Roaming About

A Life Less Ordinary

In the Heat of the Kiln

This past weekend, the weather was miserable and all but summery. It rained, it was cold for the time of the year and the sky was a permanent grey… perfect conditions for the activities we had planned!

Earlier this year, Mark and I did a three month house sit in Kent, CT, where we took care of two great dogs, Henry and Mickey, and two cheeky parrots, Tutu and Kookoo. The owners of the house are both respected and acclaimed artists, who we enjoyed meeting and getting to know. Steve Katz is a founder of the famous band Blood, Sweat and Tears who recently wrote a book and is touring again. His wife Alison Palmer is a very accomplished and talented ceramics artist. When we said our goodbyes the end of March, we promised to pay them a visit over the summer. What better time than the day of an exciting “pottery event”?

Twice a year, over the summer, Alison starts up her unique wood fire kiln. While it is much easier to bake finished pottery work in her gas or electric kilns, using wood to fuel the massive oven creates more desiring effects and finishes. But… stoking the fire requires a lot of wood, and man power. A group of volunteers mans the kiln for a period of 24 – 30 hours, in five hour shifts. Since Mark and I were curious about the process (and we know all about boat shifts :-)), we joined the team as first-timers.

It was wonderful to see everybody again Friday evening, despite the long and rainy drive to Kent. We caught up with the humans and enjoyed the company of our ex-pets. Mexican rescue dog Paco had adjusted to his new family, Henry and especially Mickey were ecstatic to see us again and our current dog Jenny is becoming a pro at socializing. What a happy bunch!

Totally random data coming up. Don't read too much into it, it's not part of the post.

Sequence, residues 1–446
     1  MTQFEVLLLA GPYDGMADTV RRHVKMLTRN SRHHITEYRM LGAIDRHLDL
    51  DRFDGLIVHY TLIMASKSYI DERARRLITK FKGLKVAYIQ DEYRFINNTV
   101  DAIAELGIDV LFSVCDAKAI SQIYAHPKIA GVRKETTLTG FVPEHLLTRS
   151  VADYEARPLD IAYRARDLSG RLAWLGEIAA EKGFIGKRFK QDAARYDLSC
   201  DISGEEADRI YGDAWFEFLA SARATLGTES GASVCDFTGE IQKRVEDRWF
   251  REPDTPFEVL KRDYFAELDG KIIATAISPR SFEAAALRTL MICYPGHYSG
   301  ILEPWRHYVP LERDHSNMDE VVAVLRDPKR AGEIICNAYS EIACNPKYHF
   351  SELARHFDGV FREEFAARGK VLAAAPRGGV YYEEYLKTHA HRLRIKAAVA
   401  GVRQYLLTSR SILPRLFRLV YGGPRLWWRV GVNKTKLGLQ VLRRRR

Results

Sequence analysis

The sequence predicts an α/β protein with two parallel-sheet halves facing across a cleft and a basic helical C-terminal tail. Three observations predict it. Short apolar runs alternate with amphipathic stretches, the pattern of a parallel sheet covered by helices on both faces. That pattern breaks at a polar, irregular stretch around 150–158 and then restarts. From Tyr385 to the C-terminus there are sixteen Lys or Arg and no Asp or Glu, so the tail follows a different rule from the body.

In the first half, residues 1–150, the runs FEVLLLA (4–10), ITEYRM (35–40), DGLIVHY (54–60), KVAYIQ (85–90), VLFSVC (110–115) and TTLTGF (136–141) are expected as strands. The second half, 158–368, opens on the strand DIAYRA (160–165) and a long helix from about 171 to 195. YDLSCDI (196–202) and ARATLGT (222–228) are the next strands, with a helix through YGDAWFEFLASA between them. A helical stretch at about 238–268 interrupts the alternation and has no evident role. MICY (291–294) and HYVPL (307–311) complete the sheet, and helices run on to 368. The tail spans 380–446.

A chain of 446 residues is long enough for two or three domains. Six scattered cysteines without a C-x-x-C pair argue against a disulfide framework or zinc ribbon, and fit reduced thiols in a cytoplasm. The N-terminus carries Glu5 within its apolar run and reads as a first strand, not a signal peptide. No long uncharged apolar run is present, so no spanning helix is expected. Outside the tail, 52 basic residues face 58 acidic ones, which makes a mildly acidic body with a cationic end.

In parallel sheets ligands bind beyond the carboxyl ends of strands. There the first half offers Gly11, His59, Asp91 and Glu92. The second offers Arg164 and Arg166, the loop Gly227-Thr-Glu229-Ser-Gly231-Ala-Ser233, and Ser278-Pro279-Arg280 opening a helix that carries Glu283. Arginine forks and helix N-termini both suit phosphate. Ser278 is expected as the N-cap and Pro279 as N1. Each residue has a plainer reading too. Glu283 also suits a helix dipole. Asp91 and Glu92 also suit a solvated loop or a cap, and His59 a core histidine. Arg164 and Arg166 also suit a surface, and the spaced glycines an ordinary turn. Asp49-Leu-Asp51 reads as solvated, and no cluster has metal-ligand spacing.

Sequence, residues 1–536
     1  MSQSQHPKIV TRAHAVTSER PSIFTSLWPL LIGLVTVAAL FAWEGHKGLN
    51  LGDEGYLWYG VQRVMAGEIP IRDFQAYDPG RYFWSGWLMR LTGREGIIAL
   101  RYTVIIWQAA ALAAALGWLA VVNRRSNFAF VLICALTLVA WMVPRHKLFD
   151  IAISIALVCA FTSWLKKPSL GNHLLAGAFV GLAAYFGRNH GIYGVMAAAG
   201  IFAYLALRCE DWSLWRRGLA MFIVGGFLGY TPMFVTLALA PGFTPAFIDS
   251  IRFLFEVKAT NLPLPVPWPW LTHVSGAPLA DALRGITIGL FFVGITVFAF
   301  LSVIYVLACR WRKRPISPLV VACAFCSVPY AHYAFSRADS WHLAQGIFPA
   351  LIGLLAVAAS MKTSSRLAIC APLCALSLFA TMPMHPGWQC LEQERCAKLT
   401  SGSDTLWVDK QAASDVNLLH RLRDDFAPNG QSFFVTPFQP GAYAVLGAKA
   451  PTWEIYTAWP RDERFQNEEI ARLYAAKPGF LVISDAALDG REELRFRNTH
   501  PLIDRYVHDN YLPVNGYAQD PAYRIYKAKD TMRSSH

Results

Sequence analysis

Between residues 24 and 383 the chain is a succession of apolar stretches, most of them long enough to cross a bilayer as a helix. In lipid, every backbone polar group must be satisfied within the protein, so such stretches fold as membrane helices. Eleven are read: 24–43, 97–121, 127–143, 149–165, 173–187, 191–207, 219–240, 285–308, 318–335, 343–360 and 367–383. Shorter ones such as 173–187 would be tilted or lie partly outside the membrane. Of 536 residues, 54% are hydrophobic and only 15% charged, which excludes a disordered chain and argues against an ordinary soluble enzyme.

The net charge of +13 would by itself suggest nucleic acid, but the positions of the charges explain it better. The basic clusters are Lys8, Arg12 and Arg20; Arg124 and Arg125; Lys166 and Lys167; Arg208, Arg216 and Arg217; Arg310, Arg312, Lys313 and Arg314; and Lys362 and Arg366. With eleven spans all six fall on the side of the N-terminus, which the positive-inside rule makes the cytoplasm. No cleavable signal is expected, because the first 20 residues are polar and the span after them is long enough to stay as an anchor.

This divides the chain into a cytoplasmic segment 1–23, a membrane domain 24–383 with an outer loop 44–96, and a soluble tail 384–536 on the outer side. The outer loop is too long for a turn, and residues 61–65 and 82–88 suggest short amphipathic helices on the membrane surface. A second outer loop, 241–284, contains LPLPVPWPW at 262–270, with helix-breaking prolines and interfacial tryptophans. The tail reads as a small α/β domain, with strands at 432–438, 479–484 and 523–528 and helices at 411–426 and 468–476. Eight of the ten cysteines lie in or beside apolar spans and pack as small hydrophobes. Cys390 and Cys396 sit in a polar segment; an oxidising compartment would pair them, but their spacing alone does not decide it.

The firing of the kiln started at 7pm. Three shifts later, at 10am on Saturday, it was our turn. Together with Linda, Mark and I made up the crew of three for the next five hours. The temperature of the oven had reached over 1000°F (538°C) by then and would rise steadily under our watch. After some tutoring by Alison, the three of us worked non-stop until 3pm. Linda watched the inside temperature of the oven and the smoke from the chimney, while Mark stood at the upper level and I manned the lower one. Each time she said “stoke”, Mark removed a couple of bricks from his “mouse” hole, stuffed a handful of narrow pieces of wood into the blasting hot kiln, closed the hole off again and repeated “stoke”, my command to follow suit. We always made sure we had the next stack of wood ready to go in a jiffy and replenished our supply from the wood shack in between stokes.